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Blog National Payroll Week: How can businesses attract and retain top talent?

National Payroll Week: How can businesses attract and retain top talent?

For a history graduate I’m always looking forward – tomorrow never dies right?

An organisations greatest asset is of course its people. But SME businesses, both new start-ups disrupting our industries, and established firms who are pillars of their communities, face their greatest challenge recruiting and retaining staff who are fundamental to growth projections.

But how can businesses recruit and retain talent in a competitive market place? Is salary the most important perk for potential employees? And how can businesses who run a tight ship stand out from the crowd when the salary on offer is lower than the competition?

It was a pleasure to catch up with entrepreneurs Claire Harper and Piers Linney, along with Gareth Jones, a leading expert in organisational design, culture, leadership and change recognised by both the academic and corporate worlds, to share strategies SME businesses can adopt and implement in celebration of National Payroll Week.

Are there any key strategies which would help SME's successfully manage cash flow, particularly towards the end of the month when wages are due?

“An inability to cover payroll can be the final straw for a business.”

I think we all agree managing cash flow is critical for businesses. It sounds like a sensible approach but, as we head towards the end of the month, ensuring there’s enough money in the bank is vital.

We asked Claire for some advice;

Reviewing overheads, increasing margins and just reviewing timings for all key expenditure will all assist with being able to pay colleagues, as well as maintaining and growing operations. It requires a smart approach and very close attention to detail.”

However, sometimes circumstances change beyond the owners control. Market conditions detoriate, bad weather could delay supply chains or destroy goods for example. Piers is keen for businesses to take the initiative when trouble occurs…

Take early action instead of ignoring and hoping it will be overcome. This may involve uncomfortable conversations with suppliers, staff, HMRC, shareholders, lenders and new investors, but they will invariably respond more positively to an open dialogue. It is also far harder to source new capital on palatable terms in a distressed situation.“

How can business leaders motivate and reward employees aside from financial rewards?

I don’t think I’ve ever seen a team work so hard when our MD Nick promised a pizza delivery at lunchtime. And there’s certainly a boost in productivity when Matt Dawson sends us brownies

But, what motivates us might not work for our colleagues. In stepped Gareth to steer us in the right direction.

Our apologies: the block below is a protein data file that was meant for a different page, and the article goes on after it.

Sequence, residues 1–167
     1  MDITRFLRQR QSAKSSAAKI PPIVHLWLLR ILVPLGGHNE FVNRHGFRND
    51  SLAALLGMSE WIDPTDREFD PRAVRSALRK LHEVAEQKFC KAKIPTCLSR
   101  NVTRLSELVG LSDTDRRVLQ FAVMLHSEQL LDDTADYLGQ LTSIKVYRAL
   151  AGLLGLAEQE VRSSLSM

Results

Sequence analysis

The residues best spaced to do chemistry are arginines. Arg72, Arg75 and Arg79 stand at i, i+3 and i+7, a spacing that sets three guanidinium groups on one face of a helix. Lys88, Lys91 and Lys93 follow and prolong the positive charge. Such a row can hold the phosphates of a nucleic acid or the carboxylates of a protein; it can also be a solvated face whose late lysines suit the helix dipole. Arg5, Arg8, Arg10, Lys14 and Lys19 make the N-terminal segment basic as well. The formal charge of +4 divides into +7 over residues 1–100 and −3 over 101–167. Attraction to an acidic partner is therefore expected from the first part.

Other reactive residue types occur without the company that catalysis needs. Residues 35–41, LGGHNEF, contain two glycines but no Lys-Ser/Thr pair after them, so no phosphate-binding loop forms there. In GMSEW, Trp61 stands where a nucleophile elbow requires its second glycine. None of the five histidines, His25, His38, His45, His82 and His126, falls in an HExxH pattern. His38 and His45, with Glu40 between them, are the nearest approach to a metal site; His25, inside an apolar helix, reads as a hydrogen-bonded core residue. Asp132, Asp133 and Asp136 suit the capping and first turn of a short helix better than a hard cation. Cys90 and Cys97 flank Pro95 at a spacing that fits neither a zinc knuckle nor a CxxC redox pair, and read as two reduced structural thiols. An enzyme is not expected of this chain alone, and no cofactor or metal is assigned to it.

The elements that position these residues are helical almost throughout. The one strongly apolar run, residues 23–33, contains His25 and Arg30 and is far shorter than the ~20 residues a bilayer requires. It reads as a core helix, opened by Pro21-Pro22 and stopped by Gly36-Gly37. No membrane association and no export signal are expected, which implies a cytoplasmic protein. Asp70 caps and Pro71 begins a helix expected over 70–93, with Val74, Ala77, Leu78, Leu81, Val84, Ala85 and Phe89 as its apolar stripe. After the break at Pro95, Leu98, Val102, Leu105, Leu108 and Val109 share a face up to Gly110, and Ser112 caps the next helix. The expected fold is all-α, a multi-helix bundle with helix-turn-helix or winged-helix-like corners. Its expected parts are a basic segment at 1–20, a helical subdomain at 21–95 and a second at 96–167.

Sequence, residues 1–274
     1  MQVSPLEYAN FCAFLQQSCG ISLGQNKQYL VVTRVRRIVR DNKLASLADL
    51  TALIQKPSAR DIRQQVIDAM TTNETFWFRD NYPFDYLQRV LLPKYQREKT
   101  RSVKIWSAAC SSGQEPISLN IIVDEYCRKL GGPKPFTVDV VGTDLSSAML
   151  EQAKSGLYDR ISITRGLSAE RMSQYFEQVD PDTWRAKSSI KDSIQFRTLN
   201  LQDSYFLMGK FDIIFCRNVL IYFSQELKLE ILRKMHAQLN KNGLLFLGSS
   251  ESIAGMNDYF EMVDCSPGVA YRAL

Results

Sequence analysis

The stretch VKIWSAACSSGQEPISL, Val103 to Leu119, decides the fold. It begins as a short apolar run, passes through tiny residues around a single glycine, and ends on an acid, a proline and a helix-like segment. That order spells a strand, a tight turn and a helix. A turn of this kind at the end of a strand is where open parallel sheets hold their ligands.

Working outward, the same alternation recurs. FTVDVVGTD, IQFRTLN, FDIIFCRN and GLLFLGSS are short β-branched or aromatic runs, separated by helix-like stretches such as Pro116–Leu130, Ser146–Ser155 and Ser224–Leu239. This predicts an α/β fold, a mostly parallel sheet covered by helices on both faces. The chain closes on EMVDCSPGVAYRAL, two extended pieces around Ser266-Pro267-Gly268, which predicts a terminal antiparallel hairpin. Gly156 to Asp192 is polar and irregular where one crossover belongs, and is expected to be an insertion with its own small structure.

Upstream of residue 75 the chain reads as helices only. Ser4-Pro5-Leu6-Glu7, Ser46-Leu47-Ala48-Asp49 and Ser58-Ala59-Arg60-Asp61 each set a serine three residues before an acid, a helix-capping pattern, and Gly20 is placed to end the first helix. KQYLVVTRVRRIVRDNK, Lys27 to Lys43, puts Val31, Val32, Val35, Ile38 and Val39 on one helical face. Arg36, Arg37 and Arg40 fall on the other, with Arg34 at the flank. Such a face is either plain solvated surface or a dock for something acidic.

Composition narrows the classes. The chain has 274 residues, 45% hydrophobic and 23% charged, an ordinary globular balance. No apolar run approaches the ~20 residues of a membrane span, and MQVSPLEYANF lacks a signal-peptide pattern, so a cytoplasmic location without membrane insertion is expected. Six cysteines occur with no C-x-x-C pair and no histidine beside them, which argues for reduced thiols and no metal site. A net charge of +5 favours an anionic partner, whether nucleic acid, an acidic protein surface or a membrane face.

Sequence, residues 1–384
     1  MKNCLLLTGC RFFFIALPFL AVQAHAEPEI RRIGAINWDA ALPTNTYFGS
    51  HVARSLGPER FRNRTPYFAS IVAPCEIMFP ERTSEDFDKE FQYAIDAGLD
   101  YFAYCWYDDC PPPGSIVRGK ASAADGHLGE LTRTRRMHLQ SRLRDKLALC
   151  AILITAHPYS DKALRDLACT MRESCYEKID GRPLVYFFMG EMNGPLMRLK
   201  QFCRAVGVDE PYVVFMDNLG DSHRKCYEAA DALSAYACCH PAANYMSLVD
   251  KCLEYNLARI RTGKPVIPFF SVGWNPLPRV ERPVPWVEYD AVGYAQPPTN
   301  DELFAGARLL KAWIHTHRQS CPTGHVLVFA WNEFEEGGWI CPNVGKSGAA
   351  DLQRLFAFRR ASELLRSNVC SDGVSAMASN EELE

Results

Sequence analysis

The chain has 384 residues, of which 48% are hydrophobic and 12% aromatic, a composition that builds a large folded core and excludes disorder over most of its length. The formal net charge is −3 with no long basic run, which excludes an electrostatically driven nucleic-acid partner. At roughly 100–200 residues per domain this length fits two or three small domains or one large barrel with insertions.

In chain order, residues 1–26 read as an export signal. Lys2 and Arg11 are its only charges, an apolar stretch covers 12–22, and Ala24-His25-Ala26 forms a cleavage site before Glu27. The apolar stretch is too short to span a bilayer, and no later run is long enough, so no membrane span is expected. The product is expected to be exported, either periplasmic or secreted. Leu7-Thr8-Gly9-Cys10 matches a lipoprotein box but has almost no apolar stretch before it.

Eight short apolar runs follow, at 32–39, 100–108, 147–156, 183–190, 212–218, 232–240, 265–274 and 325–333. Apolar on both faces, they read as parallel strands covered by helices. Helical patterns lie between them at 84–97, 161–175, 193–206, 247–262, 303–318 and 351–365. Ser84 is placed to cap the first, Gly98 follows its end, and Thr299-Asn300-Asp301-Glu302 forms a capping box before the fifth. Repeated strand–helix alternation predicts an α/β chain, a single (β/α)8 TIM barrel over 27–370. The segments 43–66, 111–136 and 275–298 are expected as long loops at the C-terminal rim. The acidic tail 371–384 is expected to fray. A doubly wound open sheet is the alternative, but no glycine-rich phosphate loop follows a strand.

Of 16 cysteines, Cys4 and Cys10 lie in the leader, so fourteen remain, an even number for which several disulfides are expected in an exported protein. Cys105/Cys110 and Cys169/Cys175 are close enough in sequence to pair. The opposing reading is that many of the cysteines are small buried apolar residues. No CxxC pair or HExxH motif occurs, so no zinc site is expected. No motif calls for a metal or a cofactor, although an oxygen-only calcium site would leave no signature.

My previous experience at Polygram International and the BBC taught me many of the dark arts of HR and Remuneration. What I learnt from this is that financial rewards alone are never enough. People want to work at organisations where they feel valued, developed and well led. It is also a mistake to assume that everyone’s motivations at work are the same – some are motivated by money and comfort, others by security, some by warm and satisfying team relationships, and yet others by power, recognition, and autonomy.”

When payroll budgets are tight, how can SME's think outside the box to attract key talent to help their business grow?

Our conversation shifted less towards innovative perks, although there are some, but more towards appealing to the intrinsic motivations that inspire a candidate.

SME’s can adapt their rewards programme, but the personal story behind their business is often far more compelling to potential candidates. Piers stressed the need for owners to clearly communicate their future aspirations.

It is key to sell the vision and seek out people who are genuine excited about joining the team to contribute to the success of the business.

Piers went on to share the risk vs reward recruitment strategy, which can pay dividends for those willing to look slightly outside the core competencies they wish to hire.

SMEs should take more risks on keen individuals with less experience and lower salary expectations who are capable and hungry for personal development, but then manage them closely.”

Which Claire wholeheartedly agreed with...

Colleagues need to feel excited and valued and help shape and influence the business and take it to the next level, so play up to what makes your business different!

Gareth concluded our discussion bringing the topic back to how we feel about Monday’s. Do you dread, or look forward to them?

"The best talent won’t stay in a place where they don’t want to be, so the key challenge is to create a culture where people feel they can grow and be stimulated."

Thanks to Claire, Gareth and Piers for their time. 

For further information or to book a speaker, call us on +44 (0)20 7607 7070+44 or email info@speakerscorner.co.uk.

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